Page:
Bob Vila said to just angle the brush into the toilet drain and pump up and down as you would with the plunger motion. It shouldn't take too long for the clog to loosen if it's not a bad one. Keep in mind that using a toilet brush is not as effective as using a plunger, but it can work for smaller clogs; it will give you some time to go get a plunger from the store. This method, however, can be mixed with another non-plunging method to work more effectively on bigger clogs.

Baking soda and vinegar

Sometimes the clog in your toilet may be too stubborn for a plunger, and you need a little extra help. Instead of turning to harsh chemicals that could potentially hurt your pipes, you can use two non-toxic ingredients you probably have in your home right now: baking soda and vinegar. There are a number of cleaning hacks that use baking soda and vinegar to deodorize and clean all types of surfaces, and drains are no different. These two simple ingredients are great for keeping drains clean and running smoothly, according to Plumbing Troopers.

Start by adding a cup of baking soda to your toilet bowl, then wait a few minutes before slowly adding in two cups of vinegar. Allow the solution to sit for a few minutes before flushing the toilet. The toilet should make a suction sound then drain normally when the solution has worked. This process may need to be repeated a couple of times if it does not flush the first time.

Hot water and dish soap

Hot water and dish soap is another method to try when your stubborn clog won't release. Dish soap alone can unclog a toilet by making the contents of the clog easily slip through the pipes, but it doesn't always work alone. Hot water can be added in with the soap to help unclog the toilet.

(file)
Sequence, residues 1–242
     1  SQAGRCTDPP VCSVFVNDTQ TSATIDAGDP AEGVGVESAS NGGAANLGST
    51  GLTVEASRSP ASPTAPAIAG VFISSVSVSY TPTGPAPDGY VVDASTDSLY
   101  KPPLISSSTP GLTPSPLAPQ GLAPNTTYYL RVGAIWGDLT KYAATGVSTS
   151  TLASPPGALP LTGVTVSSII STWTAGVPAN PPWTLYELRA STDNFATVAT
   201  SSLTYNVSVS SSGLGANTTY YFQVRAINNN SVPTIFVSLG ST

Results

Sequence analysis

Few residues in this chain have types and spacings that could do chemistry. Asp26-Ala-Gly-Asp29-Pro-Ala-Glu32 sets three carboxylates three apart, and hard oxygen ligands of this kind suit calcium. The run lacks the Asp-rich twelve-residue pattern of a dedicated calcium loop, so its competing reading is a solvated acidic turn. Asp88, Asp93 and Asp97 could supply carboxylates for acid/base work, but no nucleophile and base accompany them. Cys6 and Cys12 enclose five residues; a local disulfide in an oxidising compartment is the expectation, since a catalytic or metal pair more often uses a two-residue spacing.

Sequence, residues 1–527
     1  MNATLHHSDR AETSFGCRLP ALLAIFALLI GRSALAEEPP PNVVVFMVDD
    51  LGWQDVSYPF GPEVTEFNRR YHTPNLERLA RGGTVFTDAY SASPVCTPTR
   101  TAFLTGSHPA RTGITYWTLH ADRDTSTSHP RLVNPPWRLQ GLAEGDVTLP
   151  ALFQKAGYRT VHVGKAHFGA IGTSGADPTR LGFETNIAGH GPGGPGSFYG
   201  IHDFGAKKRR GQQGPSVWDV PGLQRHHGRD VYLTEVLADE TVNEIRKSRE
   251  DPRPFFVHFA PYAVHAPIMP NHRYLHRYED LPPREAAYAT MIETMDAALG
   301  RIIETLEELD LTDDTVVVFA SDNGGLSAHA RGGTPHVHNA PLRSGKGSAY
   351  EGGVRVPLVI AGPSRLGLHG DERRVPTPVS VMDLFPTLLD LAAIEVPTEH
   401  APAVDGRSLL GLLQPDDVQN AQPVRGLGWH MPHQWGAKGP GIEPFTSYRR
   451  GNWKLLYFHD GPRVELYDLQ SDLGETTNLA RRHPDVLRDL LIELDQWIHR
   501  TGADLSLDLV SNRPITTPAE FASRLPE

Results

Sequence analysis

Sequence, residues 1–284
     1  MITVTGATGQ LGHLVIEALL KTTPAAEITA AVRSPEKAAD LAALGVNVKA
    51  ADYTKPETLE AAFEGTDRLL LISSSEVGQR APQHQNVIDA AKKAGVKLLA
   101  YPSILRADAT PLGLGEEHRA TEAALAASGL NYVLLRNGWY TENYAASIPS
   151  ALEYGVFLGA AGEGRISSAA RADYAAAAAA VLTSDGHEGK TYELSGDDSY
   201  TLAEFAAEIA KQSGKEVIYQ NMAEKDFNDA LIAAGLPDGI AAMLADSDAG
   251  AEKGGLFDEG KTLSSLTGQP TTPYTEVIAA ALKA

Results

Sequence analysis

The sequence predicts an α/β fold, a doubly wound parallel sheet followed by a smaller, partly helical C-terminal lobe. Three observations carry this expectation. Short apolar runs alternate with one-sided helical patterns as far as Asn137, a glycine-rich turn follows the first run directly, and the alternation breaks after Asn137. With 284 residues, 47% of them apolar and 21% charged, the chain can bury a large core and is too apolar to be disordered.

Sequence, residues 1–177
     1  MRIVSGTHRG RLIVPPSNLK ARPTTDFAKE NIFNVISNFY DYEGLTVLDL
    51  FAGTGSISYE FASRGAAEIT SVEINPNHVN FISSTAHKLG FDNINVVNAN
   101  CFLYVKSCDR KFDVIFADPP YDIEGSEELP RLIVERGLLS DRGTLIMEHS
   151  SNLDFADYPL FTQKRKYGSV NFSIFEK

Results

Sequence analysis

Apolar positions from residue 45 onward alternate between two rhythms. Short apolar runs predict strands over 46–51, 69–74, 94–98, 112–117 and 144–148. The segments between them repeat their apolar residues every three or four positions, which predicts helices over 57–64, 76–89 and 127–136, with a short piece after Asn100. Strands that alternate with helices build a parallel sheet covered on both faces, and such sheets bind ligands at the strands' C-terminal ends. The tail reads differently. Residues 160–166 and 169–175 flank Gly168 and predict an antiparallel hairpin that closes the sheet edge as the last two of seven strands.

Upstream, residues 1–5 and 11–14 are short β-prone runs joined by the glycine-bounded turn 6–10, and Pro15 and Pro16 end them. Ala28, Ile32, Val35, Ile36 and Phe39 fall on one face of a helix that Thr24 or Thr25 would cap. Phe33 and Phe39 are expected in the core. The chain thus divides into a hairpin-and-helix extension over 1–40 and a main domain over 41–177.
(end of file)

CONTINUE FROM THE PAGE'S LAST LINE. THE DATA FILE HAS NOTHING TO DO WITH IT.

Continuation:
According to Home Guides, squirt about a half cup of dish soap into the toilet and let it sit for about ten minutes. While the soap sits, heat a pot of water on the stove. Preferably, use a pot with handles, which allows you to easily transport the hot water to the bathroom. Heat until tiny bubbles start to form in the water. This should happen right before the water begins to boil. Quickly and carefully pour the hot water into the toilet bowl with the soap. If the water doesn't automatically disappear down the drain, then you should use a plunger to plunge a few more times before trying to flush.

Plumbing snake

A plumbing snake is one of the best tools to use against a stubborn clog, according to Benjamin Franklin. Although there are many different types of plumbing snake designs, they all work in a similar way. Just feed the flexible end of the snake into the toilet drain and keep feeding until you reach the clog. Then, twist the tool to break up and dislodge the clog. Never use a plumbing snake that is too big for your toilet, and always pull the snake out of the toilet in a slow, controlled manner to avoid a bathroom mess.

This same method can be done with a wire coat hanger if you don't have access to a plumbing snake. To do so, take a wire coat hanger and cut it with pliers near the hook of the hanger. Then straighten out the hanger into a cane-like shape. Feed the hooked side into the toilet drain to break up and dislodge the waste like a plumbing snake (per Popular Mechanics).

Preventing clogs

Although it is not often that you purposefully cause your toilet to clog, there are some easy prevention techniques that can keep your drains running smoothly. The easiest thing you can do is keep your toilet cover down when the toilet is not in use, especially if you have small children. Toys, crayons, and other small objects can easily be thrown or dropped into the toilet and cause a clog. Depending on the location of your toilet, things can easily just fall in by accident, as well. An easy prevention for this is creating a barrier by closing the toilet lid when it is not in use, suggested Family Handyman.

Carefully selecting what liquids are dumped down your toilet can also help prevent clogs. Sometimes hardening compounds get dumped down your toilet without you even realizing its potential for clogging your drains. For example, grease and wax products may be liquid when you pour them into the toilet, but these compounds can quickly harden and cause a clog in your drain. To ensure this doesn't happen, check to make sure that the compounds you pour down your drains are liquids that always remain liquids.